The brodiaea or wild hyacinth has a cluster of pale to dark blue, tubular flowers with six wavy lobes or “petals” atop a single spindly stem. These stems can grow twelve to eighteen inches tall from a bulb, with one or two grass-like leaves nearly as long as the stem.
This is one of the earliest blooming wildflowers, along with biscuitroot, buttercup, and yellow bells. Bluebells grow most frequently beneath sagebrush canopies and in other sheltered sites and on north-facing slopes. It is common in areas of abundant spring moisture.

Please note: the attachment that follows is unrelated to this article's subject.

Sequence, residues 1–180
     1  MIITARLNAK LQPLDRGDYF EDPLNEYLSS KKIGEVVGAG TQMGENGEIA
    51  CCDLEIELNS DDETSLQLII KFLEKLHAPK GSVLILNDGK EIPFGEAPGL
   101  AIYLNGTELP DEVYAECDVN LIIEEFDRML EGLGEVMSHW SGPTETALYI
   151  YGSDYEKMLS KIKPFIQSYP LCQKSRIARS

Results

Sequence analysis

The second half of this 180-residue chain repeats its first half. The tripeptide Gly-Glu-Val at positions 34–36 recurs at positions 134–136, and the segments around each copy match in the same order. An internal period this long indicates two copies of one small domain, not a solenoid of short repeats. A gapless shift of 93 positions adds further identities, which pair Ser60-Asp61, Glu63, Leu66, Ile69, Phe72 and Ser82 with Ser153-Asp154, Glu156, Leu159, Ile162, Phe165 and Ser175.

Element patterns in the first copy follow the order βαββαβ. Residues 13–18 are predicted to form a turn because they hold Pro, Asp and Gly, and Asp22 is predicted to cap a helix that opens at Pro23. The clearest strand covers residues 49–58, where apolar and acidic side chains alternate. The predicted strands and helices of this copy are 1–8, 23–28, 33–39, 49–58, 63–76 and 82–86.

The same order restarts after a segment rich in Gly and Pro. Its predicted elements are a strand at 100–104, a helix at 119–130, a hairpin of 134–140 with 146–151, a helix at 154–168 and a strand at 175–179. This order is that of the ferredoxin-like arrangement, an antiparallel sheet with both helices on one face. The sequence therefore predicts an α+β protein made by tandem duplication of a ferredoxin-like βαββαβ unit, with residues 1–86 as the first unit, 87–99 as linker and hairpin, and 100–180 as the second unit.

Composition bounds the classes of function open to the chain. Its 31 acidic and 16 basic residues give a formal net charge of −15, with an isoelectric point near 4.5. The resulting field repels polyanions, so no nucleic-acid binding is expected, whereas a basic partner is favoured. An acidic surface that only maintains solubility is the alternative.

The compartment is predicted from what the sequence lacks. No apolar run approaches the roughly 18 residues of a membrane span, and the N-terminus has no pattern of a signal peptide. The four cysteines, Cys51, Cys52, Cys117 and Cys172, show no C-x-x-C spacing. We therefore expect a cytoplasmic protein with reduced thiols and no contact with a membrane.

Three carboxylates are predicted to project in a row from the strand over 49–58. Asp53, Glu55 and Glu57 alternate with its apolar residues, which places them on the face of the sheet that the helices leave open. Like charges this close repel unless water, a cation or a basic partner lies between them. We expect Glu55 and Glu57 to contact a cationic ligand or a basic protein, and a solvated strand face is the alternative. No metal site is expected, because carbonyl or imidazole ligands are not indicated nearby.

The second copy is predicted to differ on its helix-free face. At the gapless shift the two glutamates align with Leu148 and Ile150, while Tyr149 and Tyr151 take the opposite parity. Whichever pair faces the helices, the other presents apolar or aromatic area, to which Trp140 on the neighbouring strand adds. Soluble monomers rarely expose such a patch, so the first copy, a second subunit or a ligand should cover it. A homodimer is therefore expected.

The upland larkspur’s striking blue flowers are borne at the end of a short stem which ranges from six to sixteen inches tall. The flower has five widespread petals that grow together to form a hollow flower with a spur at the end, giving the plant its name--the spur reminiscent of a lark.